adultery, affairs, Betrayal, cheating, children, dance, disappointment, divorce, ex spouse, family, Father/daughter relationship, in-laws, infidelity, parenting after separation

Putting on a Show

I drove my niece, my older daughter and my dancer daughter all to Fort Langley Saturday morning.  My dancer had to be at the theatre for a lighting and technical blocking rehearsal at 12:45 p.m.  She stayed at the studio until her 7:00 p.m. performance.

My niece, other daughter and I explored Fort Langley.  I took them to the stores that I thought were interesting and we ate our way around the little town.  Fort Langley is the birthplace of British Columbia and is filled with history. Fort Langley is the set for several movies, especially Hallmark Christmas movies. The yellow Community Hall is one of the landmarks to recognize this city location on screen. We had a really fun and enjoyable day and I am a little sad that this is my last weekend to be here for dance.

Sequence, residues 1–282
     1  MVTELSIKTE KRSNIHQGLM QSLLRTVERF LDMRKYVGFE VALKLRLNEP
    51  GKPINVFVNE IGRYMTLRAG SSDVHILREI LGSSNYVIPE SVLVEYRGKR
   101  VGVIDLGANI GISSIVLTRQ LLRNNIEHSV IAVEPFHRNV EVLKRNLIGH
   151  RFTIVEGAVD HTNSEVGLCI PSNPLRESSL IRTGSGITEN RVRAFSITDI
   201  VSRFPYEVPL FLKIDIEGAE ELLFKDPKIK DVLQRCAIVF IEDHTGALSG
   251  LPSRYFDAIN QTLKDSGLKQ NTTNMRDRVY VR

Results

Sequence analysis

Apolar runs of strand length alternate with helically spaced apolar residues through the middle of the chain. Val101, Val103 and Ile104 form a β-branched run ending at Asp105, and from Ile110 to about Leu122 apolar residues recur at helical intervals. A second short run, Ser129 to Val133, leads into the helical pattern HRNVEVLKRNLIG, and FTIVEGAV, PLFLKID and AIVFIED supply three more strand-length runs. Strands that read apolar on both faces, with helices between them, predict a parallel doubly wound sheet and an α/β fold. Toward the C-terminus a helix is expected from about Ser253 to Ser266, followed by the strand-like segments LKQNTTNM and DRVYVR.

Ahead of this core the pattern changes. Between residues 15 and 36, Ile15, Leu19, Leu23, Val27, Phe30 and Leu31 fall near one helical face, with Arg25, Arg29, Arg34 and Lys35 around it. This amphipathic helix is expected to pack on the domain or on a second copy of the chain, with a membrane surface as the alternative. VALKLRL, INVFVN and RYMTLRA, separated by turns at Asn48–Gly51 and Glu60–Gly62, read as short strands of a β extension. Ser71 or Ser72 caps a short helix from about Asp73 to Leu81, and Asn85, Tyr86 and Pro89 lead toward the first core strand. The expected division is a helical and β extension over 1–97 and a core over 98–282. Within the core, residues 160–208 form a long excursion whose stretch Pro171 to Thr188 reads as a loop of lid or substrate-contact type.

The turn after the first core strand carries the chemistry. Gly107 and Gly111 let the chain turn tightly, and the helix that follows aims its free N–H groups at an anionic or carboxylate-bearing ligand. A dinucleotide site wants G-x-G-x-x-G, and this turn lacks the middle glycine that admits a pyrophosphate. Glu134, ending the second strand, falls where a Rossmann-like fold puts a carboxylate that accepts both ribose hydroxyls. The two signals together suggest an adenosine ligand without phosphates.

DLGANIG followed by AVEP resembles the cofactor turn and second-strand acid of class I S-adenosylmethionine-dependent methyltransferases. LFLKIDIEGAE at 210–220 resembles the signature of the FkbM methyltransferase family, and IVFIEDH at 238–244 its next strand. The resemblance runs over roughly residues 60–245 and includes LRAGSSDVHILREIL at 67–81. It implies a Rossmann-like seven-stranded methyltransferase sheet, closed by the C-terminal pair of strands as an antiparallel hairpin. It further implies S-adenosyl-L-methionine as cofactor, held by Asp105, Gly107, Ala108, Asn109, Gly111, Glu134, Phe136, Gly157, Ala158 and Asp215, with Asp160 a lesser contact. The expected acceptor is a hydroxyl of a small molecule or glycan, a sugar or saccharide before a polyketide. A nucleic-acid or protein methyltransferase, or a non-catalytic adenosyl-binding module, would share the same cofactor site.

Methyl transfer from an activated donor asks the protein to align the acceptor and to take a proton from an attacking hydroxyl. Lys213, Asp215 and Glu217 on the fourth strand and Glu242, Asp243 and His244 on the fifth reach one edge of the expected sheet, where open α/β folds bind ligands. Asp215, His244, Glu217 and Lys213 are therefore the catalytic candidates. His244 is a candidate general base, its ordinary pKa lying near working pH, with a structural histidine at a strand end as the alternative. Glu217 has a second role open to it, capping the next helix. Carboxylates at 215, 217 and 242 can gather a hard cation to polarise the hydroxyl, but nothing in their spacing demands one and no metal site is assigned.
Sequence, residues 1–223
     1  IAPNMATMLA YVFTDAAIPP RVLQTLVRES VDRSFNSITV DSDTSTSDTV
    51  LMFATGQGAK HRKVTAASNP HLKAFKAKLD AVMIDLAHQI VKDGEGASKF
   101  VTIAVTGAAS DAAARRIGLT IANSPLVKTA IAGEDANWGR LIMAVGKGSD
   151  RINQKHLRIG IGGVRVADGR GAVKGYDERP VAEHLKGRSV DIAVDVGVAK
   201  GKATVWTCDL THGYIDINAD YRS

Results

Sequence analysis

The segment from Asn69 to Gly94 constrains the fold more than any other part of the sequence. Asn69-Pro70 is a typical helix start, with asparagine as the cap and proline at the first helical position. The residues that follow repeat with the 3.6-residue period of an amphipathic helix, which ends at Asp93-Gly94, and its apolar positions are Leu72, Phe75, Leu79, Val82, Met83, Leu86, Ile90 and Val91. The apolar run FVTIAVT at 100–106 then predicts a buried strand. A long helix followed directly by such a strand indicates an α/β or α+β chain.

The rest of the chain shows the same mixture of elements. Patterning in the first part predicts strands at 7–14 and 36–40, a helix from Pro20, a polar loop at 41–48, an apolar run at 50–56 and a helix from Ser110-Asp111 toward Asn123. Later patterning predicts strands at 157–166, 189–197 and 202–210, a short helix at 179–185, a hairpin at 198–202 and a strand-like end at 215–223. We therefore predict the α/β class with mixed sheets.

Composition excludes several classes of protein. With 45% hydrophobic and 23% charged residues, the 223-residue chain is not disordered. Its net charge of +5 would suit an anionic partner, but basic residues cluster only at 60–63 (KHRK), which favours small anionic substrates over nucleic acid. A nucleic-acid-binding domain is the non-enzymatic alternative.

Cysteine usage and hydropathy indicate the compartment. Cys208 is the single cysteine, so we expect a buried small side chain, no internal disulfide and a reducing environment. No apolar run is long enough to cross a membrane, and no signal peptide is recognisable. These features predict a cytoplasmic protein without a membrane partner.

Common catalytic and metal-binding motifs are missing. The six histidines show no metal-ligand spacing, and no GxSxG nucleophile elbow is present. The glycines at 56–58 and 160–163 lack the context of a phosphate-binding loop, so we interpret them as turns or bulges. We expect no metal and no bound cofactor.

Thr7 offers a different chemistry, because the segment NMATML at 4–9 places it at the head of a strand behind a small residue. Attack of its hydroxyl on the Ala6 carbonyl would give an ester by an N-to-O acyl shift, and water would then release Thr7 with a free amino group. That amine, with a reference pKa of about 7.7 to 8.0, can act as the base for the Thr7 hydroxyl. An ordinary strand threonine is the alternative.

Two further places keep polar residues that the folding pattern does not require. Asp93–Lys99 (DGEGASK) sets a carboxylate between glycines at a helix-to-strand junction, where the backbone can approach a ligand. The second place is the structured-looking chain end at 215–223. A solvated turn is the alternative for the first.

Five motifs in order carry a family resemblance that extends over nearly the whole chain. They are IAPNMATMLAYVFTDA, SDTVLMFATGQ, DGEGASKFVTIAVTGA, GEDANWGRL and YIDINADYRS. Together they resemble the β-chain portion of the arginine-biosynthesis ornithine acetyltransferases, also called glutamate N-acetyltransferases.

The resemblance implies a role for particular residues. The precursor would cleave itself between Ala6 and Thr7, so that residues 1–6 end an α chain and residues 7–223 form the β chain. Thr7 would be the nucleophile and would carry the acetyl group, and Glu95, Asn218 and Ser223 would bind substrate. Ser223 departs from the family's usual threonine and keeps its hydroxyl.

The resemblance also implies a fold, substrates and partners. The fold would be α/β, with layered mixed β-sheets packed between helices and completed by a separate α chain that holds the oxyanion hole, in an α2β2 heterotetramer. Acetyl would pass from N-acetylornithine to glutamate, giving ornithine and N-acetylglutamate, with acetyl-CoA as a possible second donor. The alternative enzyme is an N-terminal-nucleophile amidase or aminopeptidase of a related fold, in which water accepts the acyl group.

We met my brother-in-law for dinner at the Olive Garden at 4:30 p.m.  I gave a heads up that Dave would be at the show as they haven’t seen him since our separation.  My niece adamantly declared that he was no longer family.  My brother-in-law disagreed and they had a bit of an argument over it.  He said that his relationship and loyalty was with me as we had a long and close history. He stated that he was not close to David but pointed out that he never had any issues with him and that they had contact with each other on Facebook after our separation. (He had told me that previously and wanted to know at the time if that was hurtful to me that he reached out to him. Several of my family and friends had done the same and it was not hurtful but I learned my ex didn’t respond to the others)  My brother-in-law told my niece that he got to choose who he considered to be family.